"Inasmuch as Ye Have Done It Unto the Least of These My Brethren : Undocumented Immigrants and the LDS Church"
Steven W. Goold
SquareTwo, Vol. 3 No. 3 (Fall 2010)
NOTE: The Utah Compact is discussed in the Addendum to this article.
Illegal immigration has become one of the hot button issues of our time. Confusion abounds about who undocumented immigrants are, what they are doing here, and their impact on society. The immigration issue is used for political gain on both the left and right side of the aisle. This article reviews some of the controversy and how it contributes to the tone of public discourse. It focuses on the guidance the LDS Church has given that can lead to real solutions to a problem that affects individuals and families. Lastly, it concludes with what our relationship should be to these individuals as brothers and sisters.
The Spirit of Contention is Not of Me 
It is not the prerogative of a private member of the Church to state the Church’s official position on any issue. This is the responsibility of the First Presidency, the Twelve and any whom they ask to represent them. Everyone has a paradigm they use to understand the world around them; authors are not exempt from personal opinions. This author’s bias comes from knowing undocumented individuals, seeing the good lives many of these people live, and the difficulties they experience as they raise their families and attempt to serve God in an often hostile environment.
Anyone reading a newspaper knows that undocumented immigration is a heated and divisive topic. Reading comments posted after any news article dealing with “undocumented immigrants,” “illegal immigrants,” “illegal aliens” or just “illegals” further reinforces the division. Many responses to news articles claim illegal aliens are predominately “thieves, rapists, murderers, and criminals.”  In order to put this controversy into context, it needs to be looked at first from a secular perspective. It is difficult to determine the costs and benefits undocumented individuals bring to our economy and society. There is no central clearing house for information and statistics relating to this population. This is largely due to a lack of a coordinated, organized effort by the U.S. government to track many of these issues. There are organizations willing to explain the ramifications of this topic, but most, if not all, have an agenda.  Some may look at this issue and try to explain the facts in a more honest and objective manner, while others use methods that show less rigorous statistical analysis.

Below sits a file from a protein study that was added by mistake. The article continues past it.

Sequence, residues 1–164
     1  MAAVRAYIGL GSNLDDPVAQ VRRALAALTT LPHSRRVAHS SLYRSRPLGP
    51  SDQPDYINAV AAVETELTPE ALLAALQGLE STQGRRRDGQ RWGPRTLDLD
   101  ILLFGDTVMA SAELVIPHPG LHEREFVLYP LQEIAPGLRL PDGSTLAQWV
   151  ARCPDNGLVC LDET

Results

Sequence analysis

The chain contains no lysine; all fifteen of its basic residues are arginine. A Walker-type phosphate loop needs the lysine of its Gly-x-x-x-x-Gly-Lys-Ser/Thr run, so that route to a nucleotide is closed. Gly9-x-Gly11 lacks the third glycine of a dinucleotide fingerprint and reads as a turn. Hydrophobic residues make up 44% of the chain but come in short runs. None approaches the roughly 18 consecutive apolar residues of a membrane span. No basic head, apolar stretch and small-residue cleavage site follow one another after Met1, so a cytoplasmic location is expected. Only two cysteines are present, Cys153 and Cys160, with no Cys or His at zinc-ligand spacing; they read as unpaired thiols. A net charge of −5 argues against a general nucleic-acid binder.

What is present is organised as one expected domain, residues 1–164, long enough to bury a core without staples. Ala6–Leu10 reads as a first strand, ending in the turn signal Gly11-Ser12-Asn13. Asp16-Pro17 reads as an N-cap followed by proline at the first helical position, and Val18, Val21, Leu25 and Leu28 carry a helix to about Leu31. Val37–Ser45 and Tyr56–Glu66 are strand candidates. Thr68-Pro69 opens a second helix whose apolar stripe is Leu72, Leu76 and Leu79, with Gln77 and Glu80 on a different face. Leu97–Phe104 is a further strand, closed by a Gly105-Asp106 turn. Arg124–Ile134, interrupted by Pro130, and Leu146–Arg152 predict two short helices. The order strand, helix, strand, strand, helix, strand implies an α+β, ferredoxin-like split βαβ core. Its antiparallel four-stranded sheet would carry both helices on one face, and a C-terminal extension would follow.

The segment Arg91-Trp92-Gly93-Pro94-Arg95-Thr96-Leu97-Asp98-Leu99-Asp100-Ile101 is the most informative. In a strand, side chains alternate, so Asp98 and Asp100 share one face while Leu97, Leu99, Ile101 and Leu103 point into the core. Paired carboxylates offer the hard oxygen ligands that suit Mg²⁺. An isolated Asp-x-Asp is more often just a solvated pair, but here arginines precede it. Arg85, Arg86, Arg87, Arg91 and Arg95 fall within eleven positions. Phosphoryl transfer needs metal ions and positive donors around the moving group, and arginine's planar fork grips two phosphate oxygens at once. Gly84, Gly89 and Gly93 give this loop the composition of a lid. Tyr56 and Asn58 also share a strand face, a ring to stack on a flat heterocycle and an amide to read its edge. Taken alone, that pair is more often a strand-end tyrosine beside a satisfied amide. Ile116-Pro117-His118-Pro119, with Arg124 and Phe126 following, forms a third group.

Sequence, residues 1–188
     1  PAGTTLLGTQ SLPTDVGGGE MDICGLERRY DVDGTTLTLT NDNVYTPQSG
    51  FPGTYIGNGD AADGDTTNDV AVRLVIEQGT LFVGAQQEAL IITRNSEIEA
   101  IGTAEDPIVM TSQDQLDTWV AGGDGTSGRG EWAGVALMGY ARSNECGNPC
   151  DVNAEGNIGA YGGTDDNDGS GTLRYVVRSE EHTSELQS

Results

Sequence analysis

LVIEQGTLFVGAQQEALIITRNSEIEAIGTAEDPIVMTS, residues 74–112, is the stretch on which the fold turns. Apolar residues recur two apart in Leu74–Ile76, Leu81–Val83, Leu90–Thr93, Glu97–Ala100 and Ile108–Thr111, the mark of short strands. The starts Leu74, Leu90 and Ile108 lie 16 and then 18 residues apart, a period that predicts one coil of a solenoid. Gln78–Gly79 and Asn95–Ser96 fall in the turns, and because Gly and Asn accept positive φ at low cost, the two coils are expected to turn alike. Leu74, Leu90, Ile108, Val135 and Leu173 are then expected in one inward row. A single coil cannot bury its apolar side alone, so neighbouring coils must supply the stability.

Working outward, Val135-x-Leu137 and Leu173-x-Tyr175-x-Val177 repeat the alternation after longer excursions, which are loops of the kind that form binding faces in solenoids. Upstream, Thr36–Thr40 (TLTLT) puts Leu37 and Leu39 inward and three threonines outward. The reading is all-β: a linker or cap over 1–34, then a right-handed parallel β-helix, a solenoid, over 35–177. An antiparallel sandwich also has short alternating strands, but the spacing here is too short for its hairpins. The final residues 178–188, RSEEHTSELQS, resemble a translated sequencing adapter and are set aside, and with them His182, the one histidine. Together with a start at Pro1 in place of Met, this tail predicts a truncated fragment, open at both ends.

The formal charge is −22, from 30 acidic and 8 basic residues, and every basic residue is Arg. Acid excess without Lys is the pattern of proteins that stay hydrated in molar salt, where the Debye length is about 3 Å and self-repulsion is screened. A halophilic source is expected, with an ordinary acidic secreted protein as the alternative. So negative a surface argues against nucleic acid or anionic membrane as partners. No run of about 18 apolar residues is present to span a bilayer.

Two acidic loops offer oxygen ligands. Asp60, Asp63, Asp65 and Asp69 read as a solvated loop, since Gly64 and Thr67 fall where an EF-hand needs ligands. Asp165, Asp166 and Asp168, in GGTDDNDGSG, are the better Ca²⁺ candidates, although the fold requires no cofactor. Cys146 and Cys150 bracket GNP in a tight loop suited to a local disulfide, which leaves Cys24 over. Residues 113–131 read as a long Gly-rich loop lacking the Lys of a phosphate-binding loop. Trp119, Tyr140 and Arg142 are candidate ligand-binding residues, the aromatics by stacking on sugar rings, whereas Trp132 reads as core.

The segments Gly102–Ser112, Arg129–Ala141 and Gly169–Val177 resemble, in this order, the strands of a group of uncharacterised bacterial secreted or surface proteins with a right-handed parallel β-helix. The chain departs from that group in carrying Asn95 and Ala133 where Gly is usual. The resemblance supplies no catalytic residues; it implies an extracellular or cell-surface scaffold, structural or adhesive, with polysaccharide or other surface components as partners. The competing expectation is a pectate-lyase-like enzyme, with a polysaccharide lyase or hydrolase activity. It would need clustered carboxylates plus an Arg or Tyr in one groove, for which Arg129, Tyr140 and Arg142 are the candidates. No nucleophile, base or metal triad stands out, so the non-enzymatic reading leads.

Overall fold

On one side of the issue are organizations like the Minuteman Project that use statistics to show that illegal aliens are responsible for a disproportionate amount of crime in the United States.  Americans for Legal Immigration claim illegals are the cause of the United States’ current financial crisis, due to banks’ predatory lending practices and immigrants’ inability to repay the loans.  FAIR, the Federation for Immigration Reform, states illegal immigrants are damaging our medical  and educational systems by over exploitation.  The American Chronicle affirms jobs are stripped from American workers.  The Center for Immigration Studies report social service costs for illegal aliens are drowning the U.S. taxpayer. 
On the other hand, organizations like the CATO Institute use statistics to show that undocumented immigrants have a positive impact on American society.  The Sutherland Institute says undocumented individuals have a slightly lower crime rate than the general population.  Immigration Impact maintains undocumented immigrants are too busy working and trying to maintain a low profile to risk involvement with the law.  FactCheck.org claim these immigrants make a meaningful financial contribution through a combination of filling jobs that would not otherwise be taken, paying taxes, and contributing to an expanding economy.  Latina Lista says the strain on our medical establishment is often exaggerated.  The National Immigration Law Center reports that the long-term benefit of educating undocumented children outweighs the cost due to the benefits society receives from having an educated workforce.  Truthout affirms undocumented workers having limited social services available to them and that they pay more in taxes than they receive in benefits.